Gibson prosecuted the case with Assistant Franklin County Prosecutor Jeffrey Blake, and said the pleas and resignations resulted from "intensive negotiations over months."
The investigation began in October 2020 when then-Police Chief Thomas Quinlan instructed Public Corruption Task Force officers to investigate "possible time theft and 'double dipping' among high school resource officers and community liaison officers," referring to officers assigned to work in high schools and those assigned to a specific patrol precinct to work directly with neighborhood and block watch groups.
Quinlan, who was demoted to deputy chief in January and replaced as chief by Elaine Bryant in June, on Thursday told The Dispatch that the investigation was "done proactively because there had been issues in the past with special duty and theft of time issues."
Affidavits spell out how veteran cops took advantage, fed off public trough
The allegations against the three officers who were criminally charged are outlined in affidavits, which were signed by Columbus police Sgt. Christopher Bond and filed with the misdemeanor charges.
Thissen and McCague were high school resource officers at the beginning of 2020, but the pandemic closed schools in March of that year. The officers then were placed in a series of other assignments, ranging from duty at a police call center to responding to Downtown social-justice protests and providing guard duty at hospitals for criminal suspects and others.
While still working in their assigned high schools from January through March 2020, the investigation "revealed unaccounted for hours" for both Thissen and McCague "due to arriving late or leaving ... prior to schools closing."
McCague became a community liaison officer in August 2020. Townsend was a community liaison officer throughout 2020.
"On many occasions" while working as community-liaison officers, McCague and Thissen "provided inaccurate information" concerning their whereabouts on their daily logs, the affidavits allege.
McCague also was found to have "double dipped" by working overlapping hours for the city and a special duty job for a car dealership in March 2020 and August 2020. The investigation also alleged that he was paid by the dealership "for more hours than he worked " from April through October.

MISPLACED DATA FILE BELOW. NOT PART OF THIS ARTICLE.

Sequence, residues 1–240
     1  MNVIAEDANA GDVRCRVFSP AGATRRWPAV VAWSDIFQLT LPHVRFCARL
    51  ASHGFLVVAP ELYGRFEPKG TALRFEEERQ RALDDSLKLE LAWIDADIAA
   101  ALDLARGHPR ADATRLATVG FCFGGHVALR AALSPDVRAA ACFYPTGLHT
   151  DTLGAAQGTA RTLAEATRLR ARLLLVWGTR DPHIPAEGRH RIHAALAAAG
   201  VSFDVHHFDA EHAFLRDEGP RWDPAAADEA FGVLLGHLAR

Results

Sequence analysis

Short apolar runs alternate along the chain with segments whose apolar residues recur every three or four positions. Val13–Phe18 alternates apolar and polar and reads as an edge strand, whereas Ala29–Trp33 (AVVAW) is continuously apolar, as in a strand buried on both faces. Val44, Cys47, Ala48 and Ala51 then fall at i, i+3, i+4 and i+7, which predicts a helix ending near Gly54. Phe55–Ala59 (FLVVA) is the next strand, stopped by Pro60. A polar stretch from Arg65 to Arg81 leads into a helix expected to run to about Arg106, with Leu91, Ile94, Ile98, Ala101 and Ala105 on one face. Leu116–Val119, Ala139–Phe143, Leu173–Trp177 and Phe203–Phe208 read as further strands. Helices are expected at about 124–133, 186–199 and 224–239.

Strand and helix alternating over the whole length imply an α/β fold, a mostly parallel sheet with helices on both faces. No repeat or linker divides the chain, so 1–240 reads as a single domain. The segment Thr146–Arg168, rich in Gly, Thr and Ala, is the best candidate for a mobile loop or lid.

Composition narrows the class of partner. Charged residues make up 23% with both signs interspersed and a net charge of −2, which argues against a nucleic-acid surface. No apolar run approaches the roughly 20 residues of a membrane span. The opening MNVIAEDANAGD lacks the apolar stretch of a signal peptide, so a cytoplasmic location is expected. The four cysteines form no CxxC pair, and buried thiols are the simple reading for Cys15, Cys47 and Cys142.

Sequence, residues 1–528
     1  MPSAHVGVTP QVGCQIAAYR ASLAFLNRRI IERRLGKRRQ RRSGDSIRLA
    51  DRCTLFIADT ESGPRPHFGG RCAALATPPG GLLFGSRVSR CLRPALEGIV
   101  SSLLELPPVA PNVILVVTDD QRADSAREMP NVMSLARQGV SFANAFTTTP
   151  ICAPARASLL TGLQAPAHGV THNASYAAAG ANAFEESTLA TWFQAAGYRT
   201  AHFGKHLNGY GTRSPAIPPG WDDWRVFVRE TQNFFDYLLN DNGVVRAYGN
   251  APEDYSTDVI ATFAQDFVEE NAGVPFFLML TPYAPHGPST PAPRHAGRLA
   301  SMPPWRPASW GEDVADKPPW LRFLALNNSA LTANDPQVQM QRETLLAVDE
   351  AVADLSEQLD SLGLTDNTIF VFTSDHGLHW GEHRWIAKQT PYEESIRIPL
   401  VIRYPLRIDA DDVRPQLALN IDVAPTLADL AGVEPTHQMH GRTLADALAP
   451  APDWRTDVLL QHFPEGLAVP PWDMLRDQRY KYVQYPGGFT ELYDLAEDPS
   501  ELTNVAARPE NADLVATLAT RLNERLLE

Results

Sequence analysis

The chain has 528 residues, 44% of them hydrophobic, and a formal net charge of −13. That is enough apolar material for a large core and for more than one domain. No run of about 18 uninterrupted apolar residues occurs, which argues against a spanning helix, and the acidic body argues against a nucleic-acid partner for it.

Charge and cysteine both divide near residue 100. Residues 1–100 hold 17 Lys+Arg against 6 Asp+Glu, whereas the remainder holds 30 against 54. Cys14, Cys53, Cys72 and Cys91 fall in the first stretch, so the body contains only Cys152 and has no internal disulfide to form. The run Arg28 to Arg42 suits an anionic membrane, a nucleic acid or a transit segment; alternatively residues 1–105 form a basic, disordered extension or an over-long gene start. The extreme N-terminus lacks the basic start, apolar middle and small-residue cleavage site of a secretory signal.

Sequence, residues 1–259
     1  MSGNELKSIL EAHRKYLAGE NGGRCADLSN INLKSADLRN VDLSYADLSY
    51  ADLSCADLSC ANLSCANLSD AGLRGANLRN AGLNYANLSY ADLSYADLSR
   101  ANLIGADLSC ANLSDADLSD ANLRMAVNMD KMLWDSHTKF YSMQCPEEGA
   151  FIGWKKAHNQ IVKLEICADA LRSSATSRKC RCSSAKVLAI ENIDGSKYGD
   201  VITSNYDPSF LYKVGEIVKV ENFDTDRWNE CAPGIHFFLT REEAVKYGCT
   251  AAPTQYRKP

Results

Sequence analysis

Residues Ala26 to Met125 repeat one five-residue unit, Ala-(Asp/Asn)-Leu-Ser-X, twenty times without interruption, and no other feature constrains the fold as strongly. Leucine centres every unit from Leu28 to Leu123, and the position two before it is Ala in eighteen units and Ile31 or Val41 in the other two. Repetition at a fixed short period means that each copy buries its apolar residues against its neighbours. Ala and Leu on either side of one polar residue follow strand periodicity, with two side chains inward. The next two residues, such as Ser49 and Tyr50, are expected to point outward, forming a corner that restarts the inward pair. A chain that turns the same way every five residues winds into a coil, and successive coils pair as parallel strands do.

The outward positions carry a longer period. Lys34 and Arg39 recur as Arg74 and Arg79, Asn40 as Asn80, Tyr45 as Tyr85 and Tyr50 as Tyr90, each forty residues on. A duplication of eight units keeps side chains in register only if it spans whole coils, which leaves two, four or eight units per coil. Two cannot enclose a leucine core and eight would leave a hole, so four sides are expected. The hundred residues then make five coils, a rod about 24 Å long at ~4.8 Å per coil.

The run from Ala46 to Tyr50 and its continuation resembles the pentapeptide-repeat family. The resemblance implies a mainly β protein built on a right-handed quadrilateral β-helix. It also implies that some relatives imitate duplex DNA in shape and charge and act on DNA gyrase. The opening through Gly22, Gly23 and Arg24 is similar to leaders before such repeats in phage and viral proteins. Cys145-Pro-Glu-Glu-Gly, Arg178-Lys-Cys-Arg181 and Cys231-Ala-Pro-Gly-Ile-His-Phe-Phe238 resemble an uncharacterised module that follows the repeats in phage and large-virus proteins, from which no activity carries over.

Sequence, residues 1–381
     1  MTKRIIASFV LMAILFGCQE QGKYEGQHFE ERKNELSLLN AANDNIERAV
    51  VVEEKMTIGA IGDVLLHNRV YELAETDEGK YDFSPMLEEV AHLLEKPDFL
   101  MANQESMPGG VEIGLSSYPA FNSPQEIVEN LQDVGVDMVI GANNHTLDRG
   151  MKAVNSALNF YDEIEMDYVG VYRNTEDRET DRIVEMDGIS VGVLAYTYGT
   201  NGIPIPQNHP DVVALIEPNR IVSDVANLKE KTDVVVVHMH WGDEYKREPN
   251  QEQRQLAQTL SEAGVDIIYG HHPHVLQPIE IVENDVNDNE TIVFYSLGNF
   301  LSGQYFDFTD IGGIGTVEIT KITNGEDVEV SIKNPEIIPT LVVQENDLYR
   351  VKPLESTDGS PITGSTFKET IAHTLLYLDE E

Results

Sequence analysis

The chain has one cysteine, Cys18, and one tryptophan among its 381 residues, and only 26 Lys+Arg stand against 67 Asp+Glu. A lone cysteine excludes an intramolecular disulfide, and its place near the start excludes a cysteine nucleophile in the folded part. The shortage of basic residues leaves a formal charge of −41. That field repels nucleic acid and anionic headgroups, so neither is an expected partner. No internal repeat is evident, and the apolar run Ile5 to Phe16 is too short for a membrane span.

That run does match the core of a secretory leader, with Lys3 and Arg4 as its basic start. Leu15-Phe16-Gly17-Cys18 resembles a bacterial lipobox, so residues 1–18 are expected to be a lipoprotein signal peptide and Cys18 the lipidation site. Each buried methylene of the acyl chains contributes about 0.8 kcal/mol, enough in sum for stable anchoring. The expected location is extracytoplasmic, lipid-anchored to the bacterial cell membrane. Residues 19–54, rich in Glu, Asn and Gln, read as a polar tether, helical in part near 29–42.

Townsend was accused of working overlapping hours for the city and several special-duty private employers "every month from January through October of 2020."
The affidavit reveals that Townsend was placed under surveillance from Nov. 10-13, 2020, and "was observed to change his shift hours to accommodate special duty. He was observed frequently visiting special duty sites during his shifts."
Sitting in cruisers, doing nothing and getting paid, affidavits allege
On several occasions in November 2020, Townsend reported making runs or performing other police duties, but "he was observed by surveillance across the city not performing any of the listed runs or tasks, often idling in his cruiser at a substation."
Thissen was accused of double dipping by working overlapping hours for the city and at a special-duty job with a supermarket chain during six months in 2020.
"On several occasions," the sergeant wrote, "Thissen would drive to his special-duty employment and idle in his cruiser for up to an hour prior to the start of his special-duty hours."
In addition to conducting surveillance, task force investigators gathered cruiser GPS data and reviewed payroll records, ID card swipes, gas card usage, cruiser radio usage and the private employers' special duty records, according to the affidavits.
Dispatch reporter Bethany Bruner contributed to this report.